Where the Girls Aren’t

October 1999
by Sheila Gibson

Next time you attend a skeptics’ meeting, look around. What you don’t see will be as obvious as what you do see—a white, older, largely professional group, with few to no women. Sadly, this pattern repeats across the country. This skeptical chick has gone to conferences in Washington, D.C., Los Angeles, and Fort Lauderdale and stuff near home in New England. Women were always a minority. The skeptical gender gap became brutally clear whenever I visited a ladies’ room. I knew things were horrendously lopsided when I noticed the absence of a social phenomenon that even now, as you read this, tortures innocent women everywhere.

No matter where a conference was sited, what time of day it was, or which bathroom I chose, there was never a line for the ladies’ room. Every well-attended event generates a line outside the ladies’ room, usually right at the most critical moments. It’s the misogynistic legacy of male builders who blithely installed equal numbers of stalls in both restroom facilities. Some have risked arrest to commandeer a men’s room. There were so few women attendees at the skepticons that there wasn’t the faintest chance of a run on the ladies’. That is how few active women there are in skepticism. That’s scary.

Things have to change. What better way to find out why there aren’t more female skeptics than asking female skeptics themselves? I shared my smartass opinions with a dozen female skeptics. Their answers were remarkable, and I dreaded having to squish them into 1500 words. So I have used some sweeping generalizations, but hey, this ain’t a journal paper. Any resemblance to science, living or dead, is purely coincidental. Easy stuff first: skeptical groups haven’t had much luck promoting their very existence, never mind targeting women. Only now are group leaders starting to create good promotional strategies. As skepticism starts to appear on the cultural radar, so too will female members.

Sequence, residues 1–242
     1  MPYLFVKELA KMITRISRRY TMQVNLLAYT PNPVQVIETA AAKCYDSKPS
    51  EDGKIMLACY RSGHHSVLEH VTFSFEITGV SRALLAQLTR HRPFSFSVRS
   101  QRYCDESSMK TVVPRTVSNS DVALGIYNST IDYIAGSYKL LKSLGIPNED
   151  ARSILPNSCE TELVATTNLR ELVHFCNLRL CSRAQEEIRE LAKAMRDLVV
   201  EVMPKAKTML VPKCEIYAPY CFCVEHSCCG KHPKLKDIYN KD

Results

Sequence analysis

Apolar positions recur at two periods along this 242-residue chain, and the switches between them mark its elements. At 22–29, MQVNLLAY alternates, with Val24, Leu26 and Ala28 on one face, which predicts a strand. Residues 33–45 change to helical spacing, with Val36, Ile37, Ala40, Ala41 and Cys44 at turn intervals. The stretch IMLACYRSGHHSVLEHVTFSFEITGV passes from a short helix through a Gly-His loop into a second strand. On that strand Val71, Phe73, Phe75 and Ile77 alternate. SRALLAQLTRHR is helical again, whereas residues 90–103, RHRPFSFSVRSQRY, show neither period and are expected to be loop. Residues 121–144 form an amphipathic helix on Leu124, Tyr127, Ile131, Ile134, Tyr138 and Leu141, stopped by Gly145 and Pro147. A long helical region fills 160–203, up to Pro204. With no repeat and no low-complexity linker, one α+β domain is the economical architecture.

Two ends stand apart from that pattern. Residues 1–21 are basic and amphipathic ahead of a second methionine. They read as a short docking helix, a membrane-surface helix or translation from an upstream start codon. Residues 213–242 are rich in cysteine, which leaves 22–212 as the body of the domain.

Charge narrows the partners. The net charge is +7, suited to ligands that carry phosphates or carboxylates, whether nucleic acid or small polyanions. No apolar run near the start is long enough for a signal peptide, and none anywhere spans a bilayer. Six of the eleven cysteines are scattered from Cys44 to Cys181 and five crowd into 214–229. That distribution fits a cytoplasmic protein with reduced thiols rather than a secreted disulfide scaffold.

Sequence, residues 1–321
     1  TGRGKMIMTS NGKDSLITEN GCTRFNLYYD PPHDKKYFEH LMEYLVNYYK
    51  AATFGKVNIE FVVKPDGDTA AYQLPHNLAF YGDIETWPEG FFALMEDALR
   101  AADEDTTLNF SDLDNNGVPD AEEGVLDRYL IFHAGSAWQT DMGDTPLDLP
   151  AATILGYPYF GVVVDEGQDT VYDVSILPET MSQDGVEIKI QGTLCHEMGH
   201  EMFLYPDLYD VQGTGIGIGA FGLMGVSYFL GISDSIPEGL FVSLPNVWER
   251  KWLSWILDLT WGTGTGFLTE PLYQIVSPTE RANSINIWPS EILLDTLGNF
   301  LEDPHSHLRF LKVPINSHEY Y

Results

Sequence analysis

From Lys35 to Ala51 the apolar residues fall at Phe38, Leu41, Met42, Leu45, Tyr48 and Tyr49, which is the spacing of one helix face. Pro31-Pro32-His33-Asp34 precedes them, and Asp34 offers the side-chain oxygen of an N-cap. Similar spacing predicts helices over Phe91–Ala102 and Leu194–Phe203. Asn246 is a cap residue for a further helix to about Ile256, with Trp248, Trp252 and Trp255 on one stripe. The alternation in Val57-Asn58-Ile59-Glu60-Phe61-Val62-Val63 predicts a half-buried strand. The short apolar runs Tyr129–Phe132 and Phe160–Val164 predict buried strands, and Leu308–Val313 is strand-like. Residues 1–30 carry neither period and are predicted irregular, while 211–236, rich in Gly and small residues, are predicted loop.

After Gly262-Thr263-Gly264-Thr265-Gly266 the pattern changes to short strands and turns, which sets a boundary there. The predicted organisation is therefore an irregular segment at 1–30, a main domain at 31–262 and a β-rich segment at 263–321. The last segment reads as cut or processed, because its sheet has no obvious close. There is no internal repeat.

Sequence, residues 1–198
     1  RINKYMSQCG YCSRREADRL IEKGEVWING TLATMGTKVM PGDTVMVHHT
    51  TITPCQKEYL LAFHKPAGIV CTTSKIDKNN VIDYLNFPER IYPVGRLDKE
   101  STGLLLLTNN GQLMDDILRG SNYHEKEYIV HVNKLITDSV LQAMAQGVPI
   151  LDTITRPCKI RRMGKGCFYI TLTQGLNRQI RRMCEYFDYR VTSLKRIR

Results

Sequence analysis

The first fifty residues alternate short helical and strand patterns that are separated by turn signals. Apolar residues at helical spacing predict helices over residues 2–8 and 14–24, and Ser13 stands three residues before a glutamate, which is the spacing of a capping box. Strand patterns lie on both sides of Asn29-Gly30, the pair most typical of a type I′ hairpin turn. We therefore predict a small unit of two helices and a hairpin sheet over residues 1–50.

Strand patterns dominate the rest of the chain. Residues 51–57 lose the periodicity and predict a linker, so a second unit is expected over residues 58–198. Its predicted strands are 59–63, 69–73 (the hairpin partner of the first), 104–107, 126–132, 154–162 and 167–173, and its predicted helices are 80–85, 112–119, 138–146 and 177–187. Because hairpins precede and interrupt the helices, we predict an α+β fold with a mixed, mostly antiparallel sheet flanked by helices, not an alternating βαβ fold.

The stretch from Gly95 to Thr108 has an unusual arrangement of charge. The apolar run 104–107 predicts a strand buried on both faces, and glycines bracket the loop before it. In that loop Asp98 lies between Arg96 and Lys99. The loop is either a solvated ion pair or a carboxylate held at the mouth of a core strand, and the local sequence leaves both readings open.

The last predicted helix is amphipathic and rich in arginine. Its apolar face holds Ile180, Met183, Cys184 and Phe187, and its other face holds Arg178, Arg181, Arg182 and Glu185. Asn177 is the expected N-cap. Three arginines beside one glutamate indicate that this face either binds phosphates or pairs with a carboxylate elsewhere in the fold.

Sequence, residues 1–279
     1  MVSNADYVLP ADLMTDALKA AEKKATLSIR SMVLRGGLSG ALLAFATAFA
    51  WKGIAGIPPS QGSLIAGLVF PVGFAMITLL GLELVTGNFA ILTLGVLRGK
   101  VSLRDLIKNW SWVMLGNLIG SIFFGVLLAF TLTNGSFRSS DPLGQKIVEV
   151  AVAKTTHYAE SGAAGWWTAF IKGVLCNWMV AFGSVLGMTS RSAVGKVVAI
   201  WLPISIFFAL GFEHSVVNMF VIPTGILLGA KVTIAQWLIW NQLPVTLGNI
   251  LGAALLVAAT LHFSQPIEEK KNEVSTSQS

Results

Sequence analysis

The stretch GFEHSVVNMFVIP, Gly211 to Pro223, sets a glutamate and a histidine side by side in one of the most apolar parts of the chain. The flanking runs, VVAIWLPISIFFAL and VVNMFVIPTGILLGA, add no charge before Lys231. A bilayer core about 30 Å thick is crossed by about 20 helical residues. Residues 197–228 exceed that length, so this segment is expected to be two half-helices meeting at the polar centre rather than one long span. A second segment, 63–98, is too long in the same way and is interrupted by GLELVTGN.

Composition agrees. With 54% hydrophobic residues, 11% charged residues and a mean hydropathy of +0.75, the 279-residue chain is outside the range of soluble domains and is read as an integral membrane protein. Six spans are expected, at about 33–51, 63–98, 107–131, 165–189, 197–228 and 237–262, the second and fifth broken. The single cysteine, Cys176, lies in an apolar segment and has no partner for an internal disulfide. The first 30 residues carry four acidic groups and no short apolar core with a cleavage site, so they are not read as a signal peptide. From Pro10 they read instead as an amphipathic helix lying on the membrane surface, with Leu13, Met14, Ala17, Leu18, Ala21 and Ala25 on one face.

Don’t buy that “women don’t like math and science” excuse, as I did. New Jerseyite Jennifer Kramer, film scholar, skeptical maverick, and driving force of the Picture Palace (www.picpal.com) popped that bubble of bunk. “Marketers and advertisers know the wife and mother controls the money in a
household. That’s math, pure and simple.” Not convinced? Ask the next woman you take to lunch how many calories are in her entrée.

Now, the messy stuff. Fetid, sprawling, hard-to-quantify factors are getting in the way of our noble goal. I’ve lumped them under three headings. Social Conditioning. If we’re in a post-feminist grrrl power age, then why isn’t Marilyn Vos Savant as popular as Pamela Anderson Lee? Why is there no Modern Groom magazine among the superglossy bridal magazines? Little girls learn early that the prettiest women, not the smartest women, get their pick of society’s goodies.
“Old attitudes die hard,” said Donna Halpern, journalism instructor at Emerson and NESS member. “Girls still get the message that their value is in having a great figure rather than being a great scientist.”